HPB Publishes 9M 2023 Results

During 9M 2023, HPB recorded NII growth of 73% YoY, NFCI decrease of 4%, net banking income growth of 61%, and a net income of EUR 68m, a 54% decrease YoY. Furthermore, during Q3 2023, it recorded an NII increase of 70% YoY, an NFCI decline of 18%, net banking income growth of 42%, and a net income of EUR 23.4m, a 2.1x increase YoY.

Starting off with the net interest income, it amounted to EUR 118m during 9M 2023, an increase of 73% YoY. In Q3, it amounted to EUR 44.6m, a 70% growth. HPB notes that this primarily came as a result of the increase in income on assets with the ECB, in accordance with the market trend of the risk-free interest rate. Moving on, the net fee and commission decreased by 4% YoY to EUR 25.4m during 9M, while in Q3, it amounted to EUR 8.9m, an 18% decline. It should be noted that this is also in line with the data seen in other banks, with strong NII growth but stagnant NFCI levels.

Taken together, this led to a net banking income of EUR 151.1m in 9M, a 61% increase, and EUR 54.5m in Q3, a 42% increase YoY. In terms of expenses, administrative expenses increased by 61% YoY to EUR 151m during 9M, and by 42% to EUR 54.5m in Q3. Admin. expenses growth was under the influence of regulatory projects and integration activities, as well as a general increase in prices, which is mainly reflected in the increase in energy prices and IT equipment maintenance. In terms of employee expenses, they increased by 19% YoY to EUR 37.9m during 9M, and by 4% to EUR 12.4m in Q3. This came as a result of the consolidation of NHB in 2023, i.e. as of January 1, rather than in 2022 (as of April 14, the acquisition date), as well as the labor and price adjustments due to the inflationary environment.

In terms of net income, it recorded a 54% decrease YoY on a 9M basis to EUR 68m, and a 2.1x increase during Q3 to EUR 23.4m. It has to be noted that HPB recorded negative goodwill of EUR 134.5m during 9M 2022, which was reflected in a higher-than-usual net income. If we were to exclude this effect, the organic net income grew by over 3.6x YoY in 9M 2023.

HPB key financials (9M 2023 vs. 9M 2022, EURm)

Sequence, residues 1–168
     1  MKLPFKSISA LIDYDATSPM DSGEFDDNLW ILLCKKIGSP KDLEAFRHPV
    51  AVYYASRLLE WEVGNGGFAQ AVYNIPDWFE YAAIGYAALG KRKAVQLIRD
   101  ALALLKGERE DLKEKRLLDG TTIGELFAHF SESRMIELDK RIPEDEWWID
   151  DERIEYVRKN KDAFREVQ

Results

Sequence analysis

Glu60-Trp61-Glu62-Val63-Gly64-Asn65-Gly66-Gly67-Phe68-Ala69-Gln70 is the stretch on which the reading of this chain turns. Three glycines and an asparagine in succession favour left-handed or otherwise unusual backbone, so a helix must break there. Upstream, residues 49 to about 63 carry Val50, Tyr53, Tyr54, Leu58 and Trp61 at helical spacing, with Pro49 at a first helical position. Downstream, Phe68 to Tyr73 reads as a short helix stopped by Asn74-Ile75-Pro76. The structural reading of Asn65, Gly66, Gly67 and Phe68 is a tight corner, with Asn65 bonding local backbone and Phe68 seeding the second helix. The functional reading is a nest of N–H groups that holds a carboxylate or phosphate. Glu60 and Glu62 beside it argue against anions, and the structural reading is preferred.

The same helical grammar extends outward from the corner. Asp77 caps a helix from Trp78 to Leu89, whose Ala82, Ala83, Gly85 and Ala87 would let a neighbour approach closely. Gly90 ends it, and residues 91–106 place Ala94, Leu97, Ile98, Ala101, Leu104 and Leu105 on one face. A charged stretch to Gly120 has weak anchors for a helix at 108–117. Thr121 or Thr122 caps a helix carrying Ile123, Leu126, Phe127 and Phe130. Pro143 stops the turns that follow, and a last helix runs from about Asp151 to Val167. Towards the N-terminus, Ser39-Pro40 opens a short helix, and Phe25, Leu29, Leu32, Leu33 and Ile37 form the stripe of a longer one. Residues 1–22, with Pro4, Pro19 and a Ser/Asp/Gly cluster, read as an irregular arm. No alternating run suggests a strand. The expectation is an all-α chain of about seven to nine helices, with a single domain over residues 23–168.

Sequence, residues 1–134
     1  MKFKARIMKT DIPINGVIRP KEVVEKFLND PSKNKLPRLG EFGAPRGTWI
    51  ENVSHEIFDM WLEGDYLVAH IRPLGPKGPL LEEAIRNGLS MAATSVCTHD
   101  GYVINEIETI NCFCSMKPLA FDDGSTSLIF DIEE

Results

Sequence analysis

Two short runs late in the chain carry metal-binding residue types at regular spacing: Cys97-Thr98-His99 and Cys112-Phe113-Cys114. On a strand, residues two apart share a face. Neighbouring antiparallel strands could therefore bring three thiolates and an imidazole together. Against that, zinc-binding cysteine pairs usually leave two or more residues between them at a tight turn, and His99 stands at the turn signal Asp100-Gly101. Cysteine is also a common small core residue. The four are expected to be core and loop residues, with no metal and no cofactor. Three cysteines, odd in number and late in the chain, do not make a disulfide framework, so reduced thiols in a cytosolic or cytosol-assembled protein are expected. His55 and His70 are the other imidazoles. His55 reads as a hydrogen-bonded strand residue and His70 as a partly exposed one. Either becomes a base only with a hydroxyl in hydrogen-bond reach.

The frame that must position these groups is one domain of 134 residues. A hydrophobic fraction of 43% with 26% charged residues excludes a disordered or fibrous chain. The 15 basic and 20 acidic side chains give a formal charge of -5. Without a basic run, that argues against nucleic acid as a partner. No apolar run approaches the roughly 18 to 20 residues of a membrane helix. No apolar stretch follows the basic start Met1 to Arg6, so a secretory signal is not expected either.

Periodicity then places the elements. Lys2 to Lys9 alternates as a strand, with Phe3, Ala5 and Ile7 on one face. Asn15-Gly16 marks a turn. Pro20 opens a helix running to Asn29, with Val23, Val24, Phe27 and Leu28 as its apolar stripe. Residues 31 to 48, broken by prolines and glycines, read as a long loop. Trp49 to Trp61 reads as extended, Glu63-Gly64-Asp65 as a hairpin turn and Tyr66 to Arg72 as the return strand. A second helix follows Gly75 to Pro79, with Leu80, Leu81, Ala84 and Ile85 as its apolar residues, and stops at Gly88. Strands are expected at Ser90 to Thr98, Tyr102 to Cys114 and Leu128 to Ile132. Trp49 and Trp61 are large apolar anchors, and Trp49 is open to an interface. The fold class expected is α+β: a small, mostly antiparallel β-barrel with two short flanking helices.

Source: HPB, InterCapital Research

HPB key financials (Q3 2023 vs. Q3 2022, EURm)

Source: HPB, InterCapital Research

Turning our attention to the balance sheet, HPB recorded total assets of EUR 5.8bn, an increase of 7%, or EUR 372m YoY. Of this, the largest increase was recorded by cash and cash balances at central banks and other demand deposits, which grew by 51% YoY to EUR 644.5m. Inside this category, cash at hand decreased by 32% YoY to EUR 79.8m, while cash balances at central banks grew by 72%, or EUR 721.9m to EUR 1.7bn. In terms of financial assets at amortised cost, they increased by 6%, or EUR 214m YoY to EUR 3.79bn. However, inside this category, we can see that loans decreased by 9%, or EUR 312m YoY to EUR 2.97bn. The growth drivers were the debt securities which increased by 183%, or EUR 526m YoY to EUR 813m.

As such, two things should be pointed out. Firstly, the loan amount decreased by a pretty high number, which is a trend that has been present across Europe for a while now but has been largely absent in Croatia. This is of course due to the higher interest rates offered on loans, meaning new loans are significantly more expensive than the older ones. Of course, the loan amount shows the overall amount of loans, both old and new, and as such the decrease could also mean that there are more older loans running out. The most likely scenario is one where both older loans are running out, while new loan production isn’t as high, rather than no new loans being issued. The second thing to be pointed out is the direct consequence of the increase in interest rates at the ECB, now yielding between 4% and 4.75% depending on the type of deposits held by banks at the Central Banks.

Knowing that the interest rates offered on loans are app. 3.5% for the largest consumer loan category, housing loans, the decision to increase deposits at the ECB then makes more sense. On the other hand, total liabilities increased by 6% YoY to EUR 5.3bn, driven primarily by deposit growth, which also grew by 6% to EUR 5.2bn. HPB also noted that its MREL rate as of 30 September 2023 amounted to 30.07%, above the current regulatory MREL requirement of 27.08%.

Category : Flash News

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